The best way to ensure your characters have distinct voices is to give them distinct personalities, backgrounds, goals, beliefs, and values. And that means spending the time on character development.

3. Because you can take the boy out of the country, but you can’t take the country out of the boy.

Imagine a teenage boy is standing in front of you. He’s wearing a waiter’s uniform and his name tag says his name is Freddy. He has a gold ring on his left ring finger. His hair is short and neat, and he smiles when he takes your order. But there’s something slightly haunted about his eyes.

Imagine this boy grew up in Manhattan, living in an old brownstone house in Carnegie Hill. His father was a banker, and his mother volunteered for various charities.

Now imagine he grew up in Brooklyn, in a crappy tenement in Cypress Hill. He doesn’t know who his father was, and his mother did whatever it took for her son to go to school and have a better life than she did.

In both bases, the superficial description is the same. But the moment he opens his mouth and starts talking? The moment he has to make a difficult moral choice? That’s when you’ll notice the difference. Because when the chips are down and the stakes are high, the circumstances of his childhood, and the values imparted to him by his parents, will matter.

4. Because the difference between reality and fiction is that fiction has to make sense.

No one has an idyllic childhood, then wakes up one day and decides to be a serial killer.

Well, maybe that happens in real life. I don’t know. But in fiction, things have to make sense. In fiction, a cause must come before an effect. In fiction, that serial killer was tortured, tormented and/or abused as a child. Because if she wasn’t, readers won’t buy it.

Every insecurity, ever internal conflict, ever moral dilemma, every hard choice that your character needs to make is only difficult because of something that happened in her past. And if you don’t know anything about her past… Well, how can you possibly figure out what she’s going to do in the future? You’re trying to write an effect without a cause. That doesn’t mean you need to know the cause first — in many cases, it’s easier to work out a character’s past based on what she’s doing in the present. But the trick is to do that consistently. If chapter seven sees her too scared to go into the basement because her step-mother used to lock her in the dark when she was bad, don’t have her willingly going into series of tunnels in chapter three.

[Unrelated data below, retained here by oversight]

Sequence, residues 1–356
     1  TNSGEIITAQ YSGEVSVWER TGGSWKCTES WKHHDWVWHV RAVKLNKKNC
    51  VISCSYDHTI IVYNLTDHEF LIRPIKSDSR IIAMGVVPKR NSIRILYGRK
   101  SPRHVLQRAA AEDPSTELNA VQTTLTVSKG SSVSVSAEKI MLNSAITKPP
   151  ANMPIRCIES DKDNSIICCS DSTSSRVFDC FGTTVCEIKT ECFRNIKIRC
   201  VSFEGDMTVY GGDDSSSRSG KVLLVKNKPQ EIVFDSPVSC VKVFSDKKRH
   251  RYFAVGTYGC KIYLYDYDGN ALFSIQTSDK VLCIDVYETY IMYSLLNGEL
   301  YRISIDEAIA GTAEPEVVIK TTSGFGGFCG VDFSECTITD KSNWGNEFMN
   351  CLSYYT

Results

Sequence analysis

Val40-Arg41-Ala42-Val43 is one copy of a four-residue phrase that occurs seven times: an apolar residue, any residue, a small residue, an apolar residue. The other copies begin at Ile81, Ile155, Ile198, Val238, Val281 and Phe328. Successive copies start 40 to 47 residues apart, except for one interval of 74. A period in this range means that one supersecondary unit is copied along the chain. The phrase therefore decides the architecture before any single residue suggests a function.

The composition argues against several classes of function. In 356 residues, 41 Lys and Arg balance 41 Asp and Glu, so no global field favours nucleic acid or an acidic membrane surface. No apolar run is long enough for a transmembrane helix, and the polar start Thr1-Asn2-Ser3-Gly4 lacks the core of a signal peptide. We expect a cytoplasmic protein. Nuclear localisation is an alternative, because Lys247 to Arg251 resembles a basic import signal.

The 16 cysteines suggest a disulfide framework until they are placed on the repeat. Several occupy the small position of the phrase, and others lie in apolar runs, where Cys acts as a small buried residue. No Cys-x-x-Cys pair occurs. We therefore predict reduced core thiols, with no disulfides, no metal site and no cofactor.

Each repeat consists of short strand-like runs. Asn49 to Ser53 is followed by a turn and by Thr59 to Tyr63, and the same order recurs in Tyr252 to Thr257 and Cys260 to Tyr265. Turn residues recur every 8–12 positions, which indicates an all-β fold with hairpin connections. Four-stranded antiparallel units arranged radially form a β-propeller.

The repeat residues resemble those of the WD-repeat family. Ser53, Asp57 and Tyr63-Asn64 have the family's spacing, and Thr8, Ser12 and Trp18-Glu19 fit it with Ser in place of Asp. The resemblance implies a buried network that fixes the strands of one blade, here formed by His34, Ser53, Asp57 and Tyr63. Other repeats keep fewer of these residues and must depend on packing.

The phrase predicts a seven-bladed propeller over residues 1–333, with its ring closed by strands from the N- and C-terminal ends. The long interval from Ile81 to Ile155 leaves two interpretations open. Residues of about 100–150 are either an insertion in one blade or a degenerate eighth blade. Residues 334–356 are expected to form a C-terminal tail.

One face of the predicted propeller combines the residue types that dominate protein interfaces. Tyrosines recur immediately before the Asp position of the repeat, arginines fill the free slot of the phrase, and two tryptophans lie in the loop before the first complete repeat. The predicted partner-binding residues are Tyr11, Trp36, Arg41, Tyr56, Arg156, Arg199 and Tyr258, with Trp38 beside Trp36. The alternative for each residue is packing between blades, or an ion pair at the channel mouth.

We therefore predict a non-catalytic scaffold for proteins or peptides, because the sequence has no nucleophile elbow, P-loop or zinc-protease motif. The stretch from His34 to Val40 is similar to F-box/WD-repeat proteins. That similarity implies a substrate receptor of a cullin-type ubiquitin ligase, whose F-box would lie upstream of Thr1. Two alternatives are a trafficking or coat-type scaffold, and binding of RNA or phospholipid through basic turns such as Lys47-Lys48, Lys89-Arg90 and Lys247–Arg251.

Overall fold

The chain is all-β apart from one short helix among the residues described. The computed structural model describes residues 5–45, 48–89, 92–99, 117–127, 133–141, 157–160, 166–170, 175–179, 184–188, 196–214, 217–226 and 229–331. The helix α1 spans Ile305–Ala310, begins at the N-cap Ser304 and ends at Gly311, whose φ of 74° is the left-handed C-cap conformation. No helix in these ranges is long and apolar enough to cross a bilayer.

5. Because one man’s trash is another man’s treasure.

Everyone is the hero of their own story. Even the villain. The villain in your story probably doesn’t think of himself as a villain. He may be doing villainous things, but he probably thinks that he’s doing them for good reasons. So, if everyone is the hero of their own story, does that mean they all want the same thing?

No. For some people, “winning” means being safe. For others, “winning” means being famous or rich. For still others, “winning” means finding love. (We won’t go into what Charlie Sheen thinks winning means.)

If your hero is going to win the day, you’d better know what he thinks “winning” is all about. Because the guy who desperately wants to find love is probably not going to feel very satisfied if he triumphs over evil, and his reward is a modelling contract.

When do you develop your characters — before or during the writing process? Do you have any tips or suggestions for how to do it effectively?